When I visited my cousin Oonagh’s flat this week unfortunately I couldn’t spend much time there as we both have lots of things to sort out before we leave the country on our various trips. We wanted to focus on simple changes that would make a big difference, so I came up with the idea of painting her kitchen chairs.
image from NY Times
I found this image on Pinterest and loved how the vibrantly coloured chairs added that extra brightness and really lift the room. Luckily, thanks to our tester pot swatching saga Oonagh had loads of testers left, including lots of pretty pastel pinks and purples from her initial bathroom paint ideas. So, we decided to paint the chairs with them, making this project essentially free!
The original chairs were a dark blue paint, but they were wooden which means they would be easy to paint. We begun by sanding the chairs (check out my guide to sanding for some helpful tips) to remove as much of the blue paint as we could. By the end of it, my hands looked like Smurf hands and were completely blue from the dust! Next, we wiped off the dust from sanding with a cheap dusting cloth from Poundland.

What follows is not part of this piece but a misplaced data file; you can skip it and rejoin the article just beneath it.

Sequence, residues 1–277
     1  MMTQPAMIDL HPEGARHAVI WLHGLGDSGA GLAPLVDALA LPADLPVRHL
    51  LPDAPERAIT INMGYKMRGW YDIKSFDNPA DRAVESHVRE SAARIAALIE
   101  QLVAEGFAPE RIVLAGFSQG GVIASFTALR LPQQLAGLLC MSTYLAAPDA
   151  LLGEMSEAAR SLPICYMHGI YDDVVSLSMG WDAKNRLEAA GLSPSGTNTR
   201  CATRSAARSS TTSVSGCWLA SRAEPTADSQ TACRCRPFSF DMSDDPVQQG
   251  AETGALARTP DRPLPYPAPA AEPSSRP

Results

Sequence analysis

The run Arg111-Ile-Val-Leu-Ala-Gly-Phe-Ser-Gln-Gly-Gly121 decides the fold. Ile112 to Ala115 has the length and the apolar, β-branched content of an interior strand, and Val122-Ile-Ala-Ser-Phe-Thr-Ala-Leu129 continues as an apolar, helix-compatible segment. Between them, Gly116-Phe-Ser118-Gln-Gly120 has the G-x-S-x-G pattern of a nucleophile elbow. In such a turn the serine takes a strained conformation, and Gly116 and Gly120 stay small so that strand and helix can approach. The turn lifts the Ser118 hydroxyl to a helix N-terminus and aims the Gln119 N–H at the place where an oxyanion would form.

Oonagh came up with the great idea to paint the chairs two different colours to use as much of the testers as possible. So, we got out our tester pots and got stuck in!Here’s a little before and after! On the left, you can see how dark the original blue was. They are lovely chairs, but the blue was just too oppressive for a kitchen that should be filled with bright, warm colours. We began by painting the front of the chairs and one bar on each side of the chair. We let this dry overnight, then painted the backs and remaining bars. We also did a second coat on any bits that needed it as the pinks were quite pale.
We chose to go for pink, lilac, turquoise and blue for a few reasons. Firstly, they were most of the colours we had, except for our Coral tester. We also thought that they would work well together, tying in the pink shades of the walls with the blues in the tiles. As all of the colours are pale, they will add a lightness to what will be a very warmly coloured space after we finish painting.
When I next go down to London to visit, I’ll varnish the chairs to ensure that the paint doesn’t flake. To do that, I’ll use a clear satin wood varnish. Oonagh also has big plans to put cushions on the chairs to make them more comfy. For now, however, I think they look pretty good for a project that probably took about an hour in total painting time, and 12 hours to ensure everything had fully dried.
What do you think of our pastel chairs? Have you ever given any of your furniture a quick makeover? I’d love to hear from you!